Management sent disciplinary labor reps to threaten workers and give direct orders, meaning, “Do as you’re told or be disciplined.” The game was afoot.
Managers, blowing steam out their ears, walked all 41 to the front labor office, sat them in a holding room, and called in the company’s ax men.
The disciplinary hearings proceeded from 1 a.m. to 5 a.m. One by one, the 41 were marched into the labor office and charged with violating Article 71 of the national agreement, “work stoppages.”
One by one, the workers replied that they weren’t refusing to work, would gladly have done the jobs they were trained in, and didn’t support any stoppage. It was the company that had fumbled the ball.
One by one, they were fired.
News of the standoff spread quickly, mostly through the UAW’s strong Facebook networking pages.
Solidarity for the 41 grew—starting at the Local 2250 page, and then the Autoworkers page, which soon brimmed with photos of workers showing their support on signs and T-shirts. Messages of support flowed in from New York, Wisconsin, and Texas, strengthening the workers’ resolve.
This was quite the rogue act. Most plants practice job rotation; workers pretty much do what they’re told. But even though some locals were confused by the action, they didn’t falter. They stood together.
Seeing that the movement was gaining traction, and not wanting to make martyrs of the 41 in a contract year, the company was quick to settle. Normally the company would drag everyone through the mud for a few months—but this time, workers were off the job less than two weeks before GM came to the table to discuss what could be done to bring them back.
The night before the fired workers would have lost their health benefits, local and international union reps reached an agreement with the company.
‘FAITH AND GUTS’
All 41 were brought back to work, kept their specific jobs, and were put on 18 months’ probation. No back pay was awarded up front, though the union says it will continue to seek it.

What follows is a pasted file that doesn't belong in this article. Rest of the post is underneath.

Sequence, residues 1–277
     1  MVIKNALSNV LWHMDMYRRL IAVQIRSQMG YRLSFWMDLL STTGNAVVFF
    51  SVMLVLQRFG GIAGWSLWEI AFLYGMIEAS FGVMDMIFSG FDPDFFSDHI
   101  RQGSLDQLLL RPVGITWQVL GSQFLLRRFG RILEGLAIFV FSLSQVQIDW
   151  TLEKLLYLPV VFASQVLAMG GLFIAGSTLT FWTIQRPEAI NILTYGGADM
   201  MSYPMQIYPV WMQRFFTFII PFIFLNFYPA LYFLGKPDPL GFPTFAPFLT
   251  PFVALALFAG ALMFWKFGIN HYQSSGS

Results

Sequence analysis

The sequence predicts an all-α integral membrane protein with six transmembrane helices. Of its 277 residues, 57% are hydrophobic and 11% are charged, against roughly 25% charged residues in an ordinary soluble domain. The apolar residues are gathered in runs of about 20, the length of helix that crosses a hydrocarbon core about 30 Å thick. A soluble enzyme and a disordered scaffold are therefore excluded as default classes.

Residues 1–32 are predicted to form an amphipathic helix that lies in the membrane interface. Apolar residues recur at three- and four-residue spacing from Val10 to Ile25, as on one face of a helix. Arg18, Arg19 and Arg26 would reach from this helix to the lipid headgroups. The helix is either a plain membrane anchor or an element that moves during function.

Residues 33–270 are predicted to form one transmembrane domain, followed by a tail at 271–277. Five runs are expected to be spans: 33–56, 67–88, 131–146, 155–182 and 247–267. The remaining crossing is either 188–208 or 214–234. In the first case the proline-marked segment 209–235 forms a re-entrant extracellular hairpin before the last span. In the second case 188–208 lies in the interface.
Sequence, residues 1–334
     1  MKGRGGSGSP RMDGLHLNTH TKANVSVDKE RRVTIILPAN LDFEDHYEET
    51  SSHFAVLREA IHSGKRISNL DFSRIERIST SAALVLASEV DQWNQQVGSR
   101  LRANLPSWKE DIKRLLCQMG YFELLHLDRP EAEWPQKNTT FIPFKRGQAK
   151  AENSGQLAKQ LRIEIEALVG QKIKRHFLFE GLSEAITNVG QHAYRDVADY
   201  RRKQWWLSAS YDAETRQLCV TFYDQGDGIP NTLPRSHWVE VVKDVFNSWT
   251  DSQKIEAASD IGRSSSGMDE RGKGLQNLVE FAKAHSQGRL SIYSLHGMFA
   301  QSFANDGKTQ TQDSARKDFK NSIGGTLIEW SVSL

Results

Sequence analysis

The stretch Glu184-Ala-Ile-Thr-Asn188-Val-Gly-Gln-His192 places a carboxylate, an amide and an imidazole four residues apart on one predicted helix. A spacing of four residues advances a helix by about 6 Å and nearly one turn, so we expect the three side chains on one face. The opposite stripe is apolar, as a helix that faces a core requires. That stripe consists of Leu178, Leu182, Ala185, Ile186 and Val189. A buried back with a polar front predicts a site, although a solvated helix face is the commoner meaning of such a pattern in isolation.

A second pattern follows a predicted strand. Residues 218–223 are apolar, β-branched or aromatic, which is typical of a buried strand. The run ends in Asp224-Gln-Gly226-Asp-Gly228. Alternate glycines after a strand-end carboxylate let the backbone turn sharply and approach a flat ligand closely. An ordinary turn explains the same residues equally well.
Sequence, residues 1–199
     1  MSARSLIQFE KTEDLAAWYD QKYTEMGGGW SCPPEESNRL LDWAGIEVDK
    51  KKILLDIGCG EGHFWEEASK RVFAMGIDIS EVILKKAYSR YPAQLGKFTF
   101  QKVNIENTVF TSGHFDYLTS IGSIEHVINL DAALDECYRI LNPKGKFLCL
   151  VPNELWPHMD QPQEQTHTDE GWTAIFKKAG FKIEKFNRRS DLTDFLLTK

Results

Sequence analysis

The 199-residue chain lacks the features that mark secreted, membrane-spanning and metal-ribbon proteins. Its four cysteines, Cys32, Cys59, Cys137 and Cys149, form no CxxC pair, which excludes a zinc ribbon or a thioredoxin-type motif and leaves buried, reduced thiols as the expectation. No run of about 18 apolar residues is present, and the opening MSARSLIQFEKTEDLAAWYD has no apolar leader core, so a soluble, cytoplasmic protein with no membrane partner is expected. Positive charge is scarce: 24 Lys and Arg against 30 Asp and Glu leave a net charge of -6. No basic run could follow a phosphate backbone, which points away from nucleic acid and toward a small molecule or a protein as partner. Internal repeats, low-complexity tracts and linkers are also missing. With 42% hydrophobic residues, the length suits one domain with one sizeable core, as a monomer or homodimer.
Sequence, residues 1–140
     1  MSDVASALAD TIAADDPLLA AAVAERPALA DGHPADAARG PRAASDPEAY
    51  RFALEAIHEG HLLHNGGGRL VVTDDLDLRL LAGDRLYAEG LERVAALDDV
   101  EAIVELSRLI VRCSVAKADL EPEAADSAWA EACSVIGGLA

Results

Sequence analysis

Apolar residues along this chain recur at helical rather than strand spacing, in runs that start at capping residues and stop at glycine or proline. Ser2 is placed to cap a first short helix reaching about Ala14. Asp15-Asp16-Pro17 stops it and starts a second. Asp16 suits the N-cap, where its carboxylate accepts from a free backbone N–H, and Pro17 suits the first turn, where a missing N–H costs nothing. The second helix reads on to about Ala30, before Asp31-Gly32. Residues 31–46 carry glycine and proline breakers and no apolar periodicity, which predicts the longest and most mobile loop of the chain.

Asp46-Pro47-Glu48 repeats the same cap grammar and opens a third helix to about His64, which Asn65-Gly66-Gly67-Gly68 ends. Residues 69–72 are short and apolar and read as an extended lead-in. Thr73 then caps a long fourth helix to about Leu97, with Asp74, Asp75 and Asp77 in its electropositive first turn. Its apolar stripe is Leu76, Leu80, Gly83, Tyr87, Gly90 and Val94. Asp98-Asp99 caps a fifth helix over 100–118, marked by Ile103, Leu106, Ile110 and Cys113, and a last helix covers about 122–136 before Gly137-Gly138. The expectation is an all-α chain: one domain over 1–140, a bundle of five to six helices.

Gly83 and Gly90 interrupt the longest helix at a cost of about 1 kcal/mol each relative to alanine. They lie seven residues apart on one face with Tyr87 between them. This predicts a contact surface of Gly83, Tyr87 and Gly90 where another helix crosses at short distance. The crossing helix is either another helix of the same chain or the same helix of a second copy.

The union reluctantly agreed to a new alternative break schedule that allows more production per shift. Now workers have to wait a long time between two relief breaks, because their lunch has been moved to the end of the day. They can take it off-site, which means getting home 30 minutes early—but at the cost of losing what previous generations had fought for, a real lunch.
“Critical status” has been suspended, and an alternative schedule adopted. Sundays are no longer mandatory, though they are “subject to change” in case of breakdowns or production loss. The new schedule follows “Plan A” of the national agreement, so each shift will work eight-hour days and two out of three Saturdays.
So far, 90 new jobs have been added to the body shop to make up for the worker shortage that got the company into the mess of forcing rotation in the first place.
Though neither side is completely happy, each side got the main thing it wanted: the 41 workers are back on the job, and production has resumed in an organized fashion. All aspects of the deal will be up for negotiation again this September, as the two sides begin to bargain a new national contract.
The real story was the show of solidarity. Threatened with losing their jobs, the workers put their paychecks on the back burner to stand up for their principles, protect other workers’ rights, and challenge the company’s “we can do whatever we want” attitude.
“In a situation like this, two things enable you to stand strong: faith and guts,” one Wentzville worker said. Thankfully, across the nation, we had both!
Arthur George is the pseudonym of a Wentzville GM worker and UAW Local 2250 member.